The UAW union has called a strike at General Motors, Ford and Stellantis plants
Major US union United Auto Workers (UAW) on Friday night announced the start of a mass strike at the plants of carmakers General Motors, Ford and Stellantis, threatening the US with serious economic damage.
“Today, for the first time in our history, we will strike three members of the Big Three at once,” union leader Sean Fain said during his address, which was broadcast on the union’s official YouTube channel.
Union members are demanding that the companies significantly increase wages along with better pensions, increased holidays and other measures.
About 150,000 union members work at the plants of the three major automakers and have been negotiating on their behalf to improve working conditions for the last time. The UAW had earlier set midnight Thursday U.S. East Coast time as the deadline to meet its demands, but no agreement had been announced as of that evening.
The strike will begin at midnight local time, the parties still have two hours to avoid it, but CNBC reports that their positions are still too far apart.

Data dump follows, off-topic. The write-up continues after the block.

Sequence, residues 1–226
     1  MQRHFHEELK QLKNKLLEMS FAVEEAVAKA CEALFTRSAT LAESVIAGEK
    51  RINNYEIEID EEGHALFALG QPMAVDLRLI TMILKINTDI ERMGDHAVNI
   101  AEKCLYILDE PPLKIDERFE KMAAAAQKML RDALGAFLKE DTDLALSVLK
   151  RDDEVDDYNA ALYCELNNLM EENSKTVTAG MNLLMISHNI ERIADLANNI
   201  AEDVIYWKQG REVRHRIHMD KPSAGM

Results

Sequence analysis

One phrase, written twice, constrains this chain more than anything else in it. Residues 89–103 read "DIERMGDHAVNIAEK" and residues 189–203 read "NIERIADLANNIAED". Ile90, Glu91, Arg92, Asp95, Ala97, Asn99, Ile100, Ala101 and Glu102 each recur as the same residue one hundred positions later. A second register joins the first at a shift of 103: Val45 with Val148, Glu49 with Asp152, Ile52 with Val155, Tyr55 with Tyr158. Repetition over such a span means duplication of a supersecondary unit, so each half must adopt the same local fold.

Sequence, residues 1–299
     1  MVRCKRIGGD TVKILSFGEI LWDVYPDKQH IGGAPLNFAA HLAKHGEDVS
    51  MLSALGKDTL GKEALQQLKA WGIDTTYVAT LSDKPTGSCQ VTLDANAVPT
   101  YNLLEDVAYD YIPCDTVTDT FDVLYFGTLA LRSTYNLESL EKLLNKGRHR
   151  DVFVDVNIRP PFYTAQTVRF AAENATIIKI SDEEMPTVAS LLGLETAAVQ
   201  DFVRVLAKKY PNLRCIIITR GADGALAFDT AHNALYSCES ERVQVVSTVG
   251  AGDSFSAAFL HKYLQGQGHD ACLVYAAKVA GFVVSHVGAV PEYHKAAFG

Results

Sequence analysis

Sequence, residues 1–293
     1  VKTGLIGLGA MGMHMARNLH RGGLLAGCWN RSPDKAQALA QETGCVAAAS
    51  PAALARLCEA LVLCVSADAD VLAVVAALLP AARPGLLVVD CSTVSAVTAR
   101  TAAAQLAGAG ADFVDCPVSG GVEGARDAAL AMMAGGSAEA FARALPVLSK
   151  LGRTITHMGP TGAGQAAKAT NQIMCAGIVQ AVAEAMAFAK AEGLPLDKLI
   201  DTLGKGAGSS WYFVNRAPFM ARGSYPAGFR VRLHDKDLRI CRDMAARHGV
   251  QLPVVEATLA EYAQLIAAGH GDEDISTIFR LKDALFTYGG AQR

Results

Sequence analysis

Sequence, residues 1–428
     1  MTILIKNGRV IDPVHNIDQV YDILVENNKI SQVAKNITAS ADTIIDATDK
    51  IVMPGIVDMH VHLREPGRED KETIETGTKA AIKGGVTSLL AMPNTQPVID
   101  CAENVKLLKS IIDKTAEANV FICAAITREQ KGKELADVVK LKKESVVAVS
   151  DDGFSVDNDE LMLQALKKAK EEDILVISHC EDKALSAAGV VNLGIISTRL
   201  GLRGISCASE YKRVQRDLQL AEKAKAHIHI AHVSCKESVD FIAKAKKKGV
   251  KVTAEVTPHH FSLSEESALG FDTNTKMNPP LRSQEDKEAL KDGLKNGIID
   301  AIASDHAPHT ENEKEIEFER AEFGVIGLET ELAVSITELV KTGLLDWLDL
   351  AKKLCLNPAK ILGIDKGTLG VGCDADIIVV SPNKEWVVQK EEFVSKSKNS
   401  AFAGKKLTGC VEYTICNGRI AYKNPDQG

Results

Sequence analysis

As union leader Sean Fain warned the day before, the strike will take place “at a level never seen before” at all three companies, but will not affect all the companies at once. According to him, it is about a limited number of locations, but over time, depending on the progress in dialogue with the leaders of the companies of the automotive industry, it may expand.
For his part, Ford CEO Jim Farley made it clear Thursday night that his company has not received any counterproposal from the union in the past two weeks. Farley also expressed confidence that in case of failure of negotiations between the parties, the situation threatens to turn into “one of the largest strikes” in American history.
A few hours before the deadline set by the union, as the White House press service reported, US President Joe Biden called the parties to the dispute. The administration did not give details of the discussions, only saying that the head of state expected to receive information about the status of the negotiations on the eve of the strike threatening the country.